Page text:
Orca behaviour can be generally split into foraging, travelling, socialising and resting. These behaviours are relatively easy to tell apart; travelling whales move consistently in a specific direction; socialising whales tend to be milling and there is usually a lot of surface activity; while resting whales lay stationary at the surface for a few minutes, all close together and in line (see the picture below).

When feeding, Icelandic orcas encircle herring schools to force the fish to school tighter and then use their tails to slap it and feed on each fish one by one. This behaviour has been extensively studied in Norwegian orcas and was named ‘carousel feeding’. In Norway this is clearly seen because the whales force the herring close to the surface and herring is often seen jumping out of the water. However, when we see orcas feeding in Vestmannaeyjar, herring is not seen jumping at the surface, suggesting the feeding behaviour might be a bit different.

We deployed Dtags on 4 whales in 2009 to investigate this and we were able to see that the whales seem to be feeding on herring schools at the bottom of their dives, instead of bringing the fish to the surface. This is probably because the differences in the herring behaviour between winter and summer and in the environment between the deep waters of the Norwegian fjords and the shallow waters of Icelandic herring spawning grounds affect the balance of benefits of bringing the fish to the surface.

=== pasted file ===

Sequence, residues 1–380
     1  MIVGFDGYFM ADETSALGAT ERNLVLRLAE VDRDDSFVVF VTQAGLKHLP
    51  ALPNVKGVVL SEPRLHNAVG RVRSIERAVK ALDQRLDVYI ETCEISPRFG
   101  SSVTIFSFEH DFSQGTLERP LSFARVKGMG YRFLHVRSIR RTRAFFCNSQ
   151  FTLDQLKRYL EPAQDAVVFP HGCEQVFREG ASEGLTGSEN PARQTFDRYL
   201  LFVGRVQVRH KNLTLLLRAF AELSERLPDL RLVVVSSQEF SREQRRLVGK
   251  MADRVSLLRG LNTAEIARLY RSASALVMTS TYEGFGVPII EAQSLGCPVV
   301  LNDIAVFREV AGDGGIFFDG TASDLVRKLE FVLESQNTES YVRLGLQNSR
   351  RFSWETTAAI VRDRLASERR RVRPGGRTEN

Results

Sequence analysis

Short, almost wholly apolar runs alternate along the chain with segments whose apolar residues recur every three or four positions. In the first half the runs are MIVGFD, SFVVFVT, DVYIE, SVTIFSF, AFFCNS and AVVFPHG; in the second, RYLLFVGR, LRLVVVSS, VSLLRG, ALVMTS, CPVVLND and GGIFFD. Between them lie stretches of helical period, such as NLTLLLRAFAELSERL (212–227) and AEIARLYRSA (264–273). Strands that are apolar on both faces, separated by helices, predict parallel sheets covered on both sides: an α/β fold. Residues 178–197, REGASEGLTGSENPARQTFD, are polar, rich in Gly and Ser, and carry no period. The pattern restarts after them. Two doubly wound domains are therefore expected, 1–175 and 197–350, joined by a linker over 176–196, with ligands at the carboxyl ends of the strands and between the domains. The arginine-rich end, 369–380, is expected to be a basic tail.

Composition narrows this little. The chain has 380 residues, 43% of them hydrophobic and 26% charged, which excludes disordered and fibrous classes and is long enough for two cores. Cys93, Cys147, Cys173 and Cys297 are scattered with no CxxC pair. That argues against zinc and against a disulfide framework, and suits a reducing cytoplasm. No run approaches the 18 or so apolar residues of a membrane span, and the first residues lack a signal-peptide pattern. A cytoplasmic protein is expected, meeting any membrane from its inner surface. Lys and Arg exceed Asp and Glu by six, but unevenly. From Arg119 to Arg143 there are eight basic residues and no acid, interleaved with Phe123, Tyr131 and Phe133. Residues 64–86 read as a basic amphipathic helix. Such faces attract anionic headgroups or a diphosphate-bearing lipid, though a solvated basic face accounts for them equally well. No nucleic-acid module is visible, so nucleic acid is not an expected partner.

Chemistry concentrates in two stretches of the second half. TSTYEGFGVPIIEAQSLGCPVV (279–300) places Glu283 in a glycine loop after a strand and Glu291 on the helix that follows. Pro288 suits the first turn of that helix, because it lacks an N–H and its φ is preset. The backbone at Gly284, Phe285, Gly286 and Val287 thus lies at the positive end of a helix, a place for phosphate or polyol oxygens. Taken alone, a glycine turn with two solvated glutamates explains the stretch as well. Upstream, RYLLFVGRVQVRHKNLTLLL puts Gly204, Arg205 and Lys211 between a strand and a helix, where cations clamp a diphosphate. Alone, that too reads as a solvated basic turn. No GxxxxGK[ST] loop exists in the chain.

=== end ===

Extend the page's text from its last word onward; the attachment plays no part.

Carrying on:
This figure shows the dive profile of a tagged whale showing tail slaps produced at depth, suggesting feeding does not take place near the surface.

(Adapted from Samarra & Miller, 2015 – available here).

Although we understand more about the feeding behaviour of Icelandic orcas, many aspects remain poorly understood. For example, herding calls are only produced in some feeding events and the reasons why are still unknown. Other feeding behaviours, such as attacks on marine mammals, have also been observed in Iceland however we do not know which whales feed on marine mammals for the majority of these events.

Studies on the acoustic behaviour of Icelandic orcas have been underway since the 1980’s and have shown that, like other orca populations, orcas in Iceland also produce clicks, pulsed calls and whistles. However, some of their vocal behaviour is quite unique.

Icelandic orcas produce high-frequency whistles, most commonly at ultrasonic frequencies (>20 kHz), which means we cannot hear them.

Unlike the audible whistles produced during socialising, high-frequency whistles are short and have very simple contours. These whistles are produced by orcas in Norway and Shetland and also by some orcas in the Pacific. However, so far there is no evidence that the well-known resident and transient orcas produce these sounds too.

But not all whistles are the same. Orcas in the Pacific produce high-frequency whistles of lower frequency and predominantly with downsweep contours whereas in the Atlantic whistles can go up to 75 kHz and have a variety of contour shapes.

Icelandic killer whales also produce a very unique call: the herding call. It is such a long and low-frequency call that it stands out from others very clearly and can be heard when the whales are feeding. This call is thought to function in manipulating the herring, by making it school tighter and consequently an easier target for the whale’s tail slap.

Icelandic orcas feeding on herring are very vocal, producing a lot of calls, echolocation clicks, herding calls and tail slaps. In striking contrast, when the whales are travelling, they usually produce no sounds and can be silent for a long time. Below you can listen to recordings of Icelandic orcas showing the variety of sounds they produce.

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